Just minutes after the ruling was made public on Tuesday, China’s official Xinhua News Agency reported that a CAAC Cessna CE-680, marketed as a midsize corporate jet, successfully completed test flights to new airports on Mischief Reef and Subi Reef, the two largest of the artificial islands it has built in the Spratlys.

In another damaging setback for Beijing, the tribunal ruled that China couldn’t claim 12 nautical miles of territorial seas around Mischief Reef and Subi Reef, which both have airstrips.

That means that U.S. and foreign naval ships can legally come within 12 nautical miles of those two structures without restriction. However, the tribunal did rule that China had a right to 12 nautical miles of territorial waters around five more of its artificial islands.

The tribunal ruled that China had violated the Philippines sovereignty in its EEZ by building artificial islands, interfering with Philippine fishing and oil exploration, and failing to prevent Chinese fishing boats from operating there.

It said China had interfered with Philippine fishing boats exercising their traditional fishing rights around the disputed Scarborough Shoal. It said that China hadn’t fulfilled its legal obligation to stop Chinese fishermen from harming the environment in the South China Sea.

And it said China’s island building had violated the obligations of a state during the dispute resolution process.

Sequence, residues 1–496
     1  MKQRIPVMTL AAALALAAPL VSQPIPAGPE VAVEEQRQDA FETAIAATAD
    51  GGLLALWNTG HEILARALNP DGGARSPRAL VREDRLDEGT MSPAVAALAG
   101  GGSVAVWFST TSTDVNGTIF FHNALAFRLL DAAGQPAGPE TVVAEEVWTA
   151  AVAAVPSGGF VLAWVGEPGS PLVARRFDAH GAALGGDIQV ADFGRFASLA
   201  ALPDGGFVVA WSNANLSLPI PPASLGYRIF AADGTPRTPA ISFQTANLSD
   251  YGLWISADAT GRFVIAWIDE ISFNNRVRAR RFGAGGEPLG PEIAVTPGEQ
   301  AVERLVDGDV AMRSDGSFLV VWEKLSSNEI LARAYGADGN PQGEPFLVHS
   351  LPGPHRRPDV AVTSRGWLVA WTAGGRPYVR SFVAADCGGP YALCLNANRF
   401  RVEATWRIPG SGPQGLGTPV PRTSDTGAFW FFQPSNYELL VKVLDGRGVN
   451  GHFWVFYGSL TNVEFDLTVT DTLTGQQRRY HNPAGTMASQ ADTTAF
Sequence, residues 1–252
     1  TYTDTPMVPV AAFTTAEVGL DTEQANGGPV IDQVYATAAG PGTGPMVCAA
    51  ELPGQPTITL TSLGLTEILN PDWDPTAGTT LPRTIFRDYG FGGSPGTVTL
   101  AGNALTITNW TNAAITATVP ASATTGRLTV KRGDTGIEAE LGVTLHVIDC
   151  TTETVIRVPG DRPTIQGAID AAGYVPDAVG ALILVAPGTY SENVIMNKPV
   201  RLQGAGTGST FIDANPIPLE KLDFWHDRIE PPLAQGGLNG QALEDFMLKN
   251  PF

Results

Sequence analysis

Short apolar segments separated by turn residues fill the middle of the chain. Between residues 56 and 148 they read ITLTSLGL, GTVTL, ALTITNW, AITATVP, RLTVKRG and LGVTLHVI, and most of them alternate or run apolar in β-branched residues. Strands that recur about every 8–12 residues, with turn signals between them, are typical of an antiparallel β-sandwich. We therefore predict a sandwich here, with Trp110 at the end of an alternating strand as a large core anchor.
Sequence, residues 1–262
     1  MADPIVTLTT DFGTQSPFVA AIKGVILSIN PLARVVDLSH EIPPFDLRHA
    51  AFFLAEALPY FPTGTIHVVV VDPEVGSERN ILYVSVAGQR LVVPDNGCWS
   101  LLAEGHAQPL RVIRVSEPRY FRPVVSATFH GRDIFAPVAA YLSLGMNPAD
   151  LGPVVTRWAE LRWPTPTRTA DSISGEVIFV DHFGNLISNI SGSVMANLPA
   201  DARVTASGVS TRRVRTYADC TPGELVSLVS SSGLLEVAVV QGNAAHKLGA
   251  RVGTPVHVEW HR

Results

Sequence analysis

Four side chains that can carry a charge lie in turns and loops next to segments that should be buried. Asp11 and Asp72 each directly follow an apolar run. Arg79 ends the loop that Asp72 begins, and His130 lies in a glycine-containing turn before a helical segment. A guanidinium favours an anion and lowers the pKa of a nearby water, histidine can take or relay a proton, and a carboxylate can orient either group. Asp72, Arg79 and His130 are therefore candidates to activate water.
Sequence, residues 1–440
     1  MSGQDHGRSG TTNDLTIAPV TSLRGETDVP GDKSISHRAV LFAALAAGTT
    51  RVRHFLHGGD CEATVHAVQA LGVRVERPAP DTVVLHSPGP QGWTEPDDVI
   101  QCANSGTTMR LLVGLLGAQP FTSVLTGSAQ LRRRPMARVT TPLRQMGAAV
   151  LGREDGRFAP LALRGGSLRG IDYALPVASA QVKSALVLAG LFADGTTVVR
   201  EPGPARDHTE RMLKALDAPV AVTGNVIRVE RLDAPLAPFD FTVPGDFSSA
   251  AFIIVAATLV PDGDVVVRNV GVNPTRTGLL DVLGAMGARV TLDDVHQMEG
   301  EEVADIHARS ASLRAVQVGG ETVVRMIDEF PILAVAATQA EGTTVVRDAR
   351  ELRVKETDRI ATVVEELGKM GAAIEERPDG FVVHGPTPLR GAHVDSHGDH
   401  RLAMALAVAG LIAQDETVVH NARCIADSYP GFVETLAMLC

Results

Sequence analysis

The Philippines welcomed the ruling. Foreign Secretary Perfecto Yasay called it a “milestone” in efforts to address regional disputes and called on “those concerned to exercise restraint and sobriety.”

The case was brought by the previous Philippine government. New Philippine President Rodrigo Duterte has taken a different stance, suggesting that he might be willing to negotiate directly with China.

China says dozens of countries—many of them small, developing nations—support its position, although only a handful of them have issued their own statements explicitly backing Beijing’s right to ignore the tribunal.

U.S. officials have warned that China could respond to the ruling by starting land reclamation at another disputed reef near the Philippines, or declaring an air defense identification zone over the South China Sea.

China hasn’t announced any such plans, but says it has the right to do both.

(Published by The Wall Street Journal - July 12, 2016)